No, there is no difference in the fact that they still use non-tube components to generate more distortion. Hence, according to you guys, it's not a tube amp, it's a hybrid or whatever you want to call it. The fact that the implementation isn't identical to how Blackstar does it doesn't change the fact that it's still a non tube component being used to increase the gain. Your argument is basically "well, they do it differently than Blackstar, and I'm the one who determines that theirs is acceptable and Blackstar's isn't". You base that on some arbitrary criteria. Sorry, it doesn't work that way.

JCM900, Jubilee, Jose mod, Dumble, H&K, Rivera, Friedman, Peavey, Ceriatone, etc..etc...etc... all of their amps that use SS components to increase gain are hybrids and all of those companies are guilty of false advertising. That is the argument you guys are making. Yet you only criticize Blackstar for it. Why is that?

It's hilarious, whenever there is a Blackstar thread, you guys come out with your pitchforks but whenever there are threads about Friedman BEs, Jubilees, etc... you guys are surprisingly silent about the fact that those amps are hybrids and are being falsely advertised as being tube amps.

Like I said, the hypocrisy on this forum is really mindboggling sometimes.
Dude, a guy pointed out the differences on another thread, and a big part of your response was to ask him to explain how it could be that your Blackstar's power tubes were not amplifying anything. He (obviously) never suggested that the Blackstar didn't have a tube output section. Anyway...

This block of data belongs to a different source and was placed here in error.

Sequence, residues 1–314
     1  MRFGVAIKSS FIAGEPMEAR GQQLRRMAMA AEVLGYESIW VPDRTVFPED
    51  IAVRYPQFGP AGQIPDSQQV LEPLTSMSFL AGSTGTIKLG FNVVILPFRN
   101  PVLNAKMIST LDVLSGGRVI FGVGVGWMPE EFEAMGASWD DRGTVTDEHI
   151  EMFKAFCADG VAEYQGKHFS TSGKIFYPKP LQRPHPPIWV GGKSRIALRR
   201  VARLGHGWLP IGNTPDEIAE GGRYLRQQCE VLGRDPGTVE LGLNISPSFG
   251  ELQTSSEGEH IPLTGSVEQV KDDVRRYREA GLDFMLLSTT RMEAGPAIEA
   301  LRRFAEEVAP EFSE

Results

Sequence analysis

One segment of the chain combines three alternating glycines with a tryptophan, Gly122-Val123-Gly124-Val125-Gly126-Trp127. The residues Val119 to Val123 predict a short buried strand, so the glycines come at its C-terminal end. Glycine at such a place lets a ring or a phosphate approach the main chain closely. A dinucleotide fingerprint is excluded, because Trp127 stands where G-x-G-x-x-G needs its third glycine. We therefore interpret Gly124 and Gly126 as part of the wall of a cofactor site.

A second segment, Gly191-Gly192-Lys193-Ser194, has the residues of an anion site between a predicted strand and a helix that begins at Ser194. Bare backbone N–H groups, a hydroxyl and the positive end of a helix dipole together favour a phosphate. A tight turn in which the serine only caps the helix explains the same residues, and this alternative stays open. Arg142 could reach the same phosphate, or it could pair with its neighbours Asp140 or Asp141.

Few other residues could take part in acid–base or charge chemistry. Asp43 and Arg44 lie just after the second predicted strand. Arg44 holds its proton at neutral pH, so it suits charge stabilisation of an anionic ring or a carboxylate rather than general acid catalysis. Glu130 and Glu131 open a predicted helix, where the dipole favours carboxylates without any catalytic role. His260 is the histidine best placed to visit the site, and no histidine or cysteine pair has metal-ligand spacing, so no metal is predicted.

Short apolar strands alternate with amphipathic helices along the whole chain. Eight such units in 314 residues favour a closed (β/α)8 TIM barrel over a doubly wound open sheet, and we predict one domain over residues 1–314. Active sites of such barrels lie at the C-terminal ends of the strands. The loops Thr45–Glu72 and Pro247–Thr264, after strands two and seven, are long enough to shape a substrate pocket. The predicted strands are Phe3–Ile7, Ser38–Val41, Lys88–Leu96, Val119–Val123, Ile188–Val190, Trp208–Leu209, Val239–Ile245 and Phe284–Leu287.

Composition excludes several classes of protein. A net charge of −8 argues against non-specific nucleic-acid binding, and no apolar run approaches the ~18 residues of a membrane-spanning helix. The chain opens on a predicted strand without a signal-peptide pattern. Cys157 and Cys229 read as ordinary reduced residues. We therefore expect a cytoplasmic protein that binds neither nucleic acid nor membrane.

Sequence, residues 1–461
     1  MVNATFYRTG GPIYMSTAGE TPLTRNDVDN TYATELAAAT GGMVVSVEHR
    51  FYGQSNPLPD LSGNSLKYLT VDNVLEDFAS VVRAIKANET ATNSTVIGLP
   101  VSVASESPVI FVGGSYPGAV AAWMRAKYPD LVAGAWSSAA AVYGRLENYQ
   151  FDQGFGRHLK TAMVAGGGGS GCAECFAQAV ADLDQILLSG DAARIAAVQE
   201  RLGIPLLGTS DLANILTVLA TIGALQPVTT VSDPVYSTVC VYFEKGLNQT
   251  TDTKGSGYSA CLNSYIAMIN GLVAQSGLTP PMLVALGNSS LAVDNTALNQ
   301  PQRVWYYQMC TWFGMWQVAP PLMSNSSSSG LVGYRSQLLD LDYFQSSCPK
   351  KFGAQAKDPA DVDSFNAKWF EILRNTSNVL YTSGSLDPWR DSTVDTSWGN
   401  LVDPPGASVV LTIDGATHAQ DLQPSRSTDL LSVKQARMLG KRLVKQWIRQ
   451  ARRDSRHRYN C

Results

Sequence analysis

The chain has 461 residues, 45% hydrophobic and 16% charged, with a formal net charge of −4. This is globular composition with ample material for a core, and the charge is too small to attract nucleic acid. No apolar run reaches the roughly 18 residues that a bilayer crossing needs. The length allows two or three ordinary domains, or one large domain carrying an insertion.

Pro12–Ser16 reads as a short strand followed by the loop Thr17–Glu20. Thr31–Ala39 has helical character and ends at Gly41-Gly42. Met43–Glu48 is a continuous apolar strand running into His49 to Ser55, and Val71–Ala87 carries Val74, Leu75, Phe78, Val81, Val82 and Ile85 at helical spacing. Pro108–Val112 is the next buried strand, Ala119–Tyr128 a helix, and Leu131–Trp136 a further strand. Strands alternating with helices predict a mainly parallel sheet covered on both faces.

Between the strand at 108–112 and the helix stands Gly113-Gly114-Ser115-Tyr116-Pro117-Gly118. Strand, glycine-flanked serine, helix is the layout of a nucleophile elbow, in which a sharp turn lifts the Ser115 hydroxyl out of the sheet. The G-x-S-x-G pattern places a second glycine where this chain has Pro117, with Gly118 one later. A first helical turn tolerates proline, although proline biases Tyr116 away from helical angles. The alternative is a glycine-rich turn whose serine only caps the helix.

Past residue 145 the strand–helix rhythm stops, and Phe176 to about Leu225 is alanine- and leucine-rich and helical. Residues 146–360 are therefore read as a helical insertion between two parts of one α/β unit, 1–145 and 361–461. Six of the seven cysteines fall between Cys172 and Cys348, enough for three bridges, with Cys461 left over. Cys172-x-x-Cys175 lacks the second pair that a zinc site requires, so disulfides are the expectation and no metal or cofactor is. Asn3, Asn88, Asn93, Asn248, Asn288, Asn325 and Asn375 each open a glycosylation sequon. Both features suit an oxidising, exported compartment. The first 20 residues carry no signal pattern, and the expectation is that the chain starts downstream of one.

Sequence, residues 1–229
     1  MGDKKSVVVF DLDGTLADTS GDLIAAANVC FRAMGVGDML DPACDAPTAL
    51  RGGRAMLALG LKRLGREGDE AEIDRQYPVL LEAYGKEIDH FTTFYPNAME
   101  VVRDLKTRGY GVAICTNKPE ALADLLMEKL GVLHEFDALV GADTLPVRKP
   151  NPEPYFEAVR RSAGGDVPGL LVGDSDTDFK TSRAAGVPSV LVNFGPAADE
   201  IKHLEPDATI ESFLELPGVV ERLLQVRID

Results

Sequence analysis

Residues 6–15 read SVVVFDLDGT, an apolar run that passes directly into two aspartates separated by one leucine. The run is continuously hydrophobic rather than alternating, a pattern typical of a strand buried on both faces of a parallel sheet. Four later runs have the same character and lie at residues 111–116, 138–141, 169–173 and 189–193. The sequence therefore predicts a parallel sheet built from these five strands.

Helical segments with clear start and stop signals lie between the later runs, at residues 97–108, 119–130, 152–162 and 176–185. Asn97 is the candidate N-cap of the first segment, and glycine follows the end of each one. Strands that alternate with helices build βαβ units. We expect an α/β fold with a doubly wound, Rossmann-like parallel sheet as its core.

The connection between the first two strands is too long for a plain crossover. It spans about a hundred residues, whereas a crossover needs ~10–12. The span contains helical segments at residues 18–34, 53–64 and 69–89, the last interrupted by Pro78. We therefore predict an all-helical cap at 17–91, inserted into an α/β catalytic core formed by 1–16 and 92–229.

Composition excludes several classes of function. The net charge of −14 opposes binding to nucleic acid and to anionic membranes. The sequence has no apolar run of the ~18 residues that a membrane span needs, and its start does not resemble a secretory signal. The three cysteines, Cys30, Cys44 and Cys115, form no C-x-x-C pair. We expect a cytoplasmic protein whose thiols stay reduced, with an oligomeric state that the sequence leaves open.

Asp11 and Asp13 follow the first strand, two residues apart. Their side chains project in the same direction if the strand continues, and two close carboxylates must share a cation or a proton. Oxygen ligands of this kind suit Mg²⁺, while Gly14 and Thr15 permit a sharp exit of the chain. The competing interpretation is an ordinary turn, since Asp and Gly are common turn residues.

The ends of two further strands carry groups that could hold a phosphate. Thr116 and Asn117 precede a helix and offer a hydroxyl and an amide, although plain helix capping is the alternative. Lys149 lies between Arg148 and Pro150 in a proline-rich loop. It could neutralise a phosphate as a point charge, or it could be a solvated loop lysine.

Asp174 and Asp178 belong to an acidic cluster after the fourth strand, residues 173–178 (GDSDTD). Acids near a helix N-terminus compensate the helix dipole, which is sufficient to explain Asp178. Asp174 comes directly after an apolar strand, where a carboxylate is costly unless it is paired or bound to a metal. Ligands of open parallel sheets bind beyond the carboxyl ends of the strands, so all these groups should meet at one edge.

Even here, you fail to distinguish between marketing something as a tube amp and specifically marketing it as "all-tube" or "all-valve." You pick and chose whichever term is most convenient for you in a given post.

As for "hypocrisy," by all means, please spell out what about my post was hypocritical... I'm sure we'd all get a kick out of it.
 

ce24fan

Member
Messages
907
Can't post on the old thread about this since it's been closed, but all amps that have some solid state components in the signal path are not equal, and not all companies advertise these things in the same way.

For example, most Marshall fans would know that Jubilees use diode clipping, and are hence not typically described as "all-tube." I have no idea if Masrhall ever advertised Jubilees that way. The fact that there a diodes in the signal path in a Jubilee, though -- at least on one channel -- does not mean that it's equivalent to Blackstar claiming an amp is "all-tube" when its circuit does an awful lot of work with solid state components. Way more than a Jubilee, by the way. I mean, really, here are the schematics of the two amps up to where the signal first hits a tube (at V1A):

View attachment 274461


View attachment 274463

Do you really not see any difference?

On a Jubilee, if you're using the clean channel and "Rythym clip" is not engaged, there are no diodes in the signal path. On the HT Club 40, there are several solid state components in the signal path all the time.

I'm not talking about tone here, just circuitry and how amps are (or at least were) advertised.

FWIW, here are links to the full schematics:


[/URL]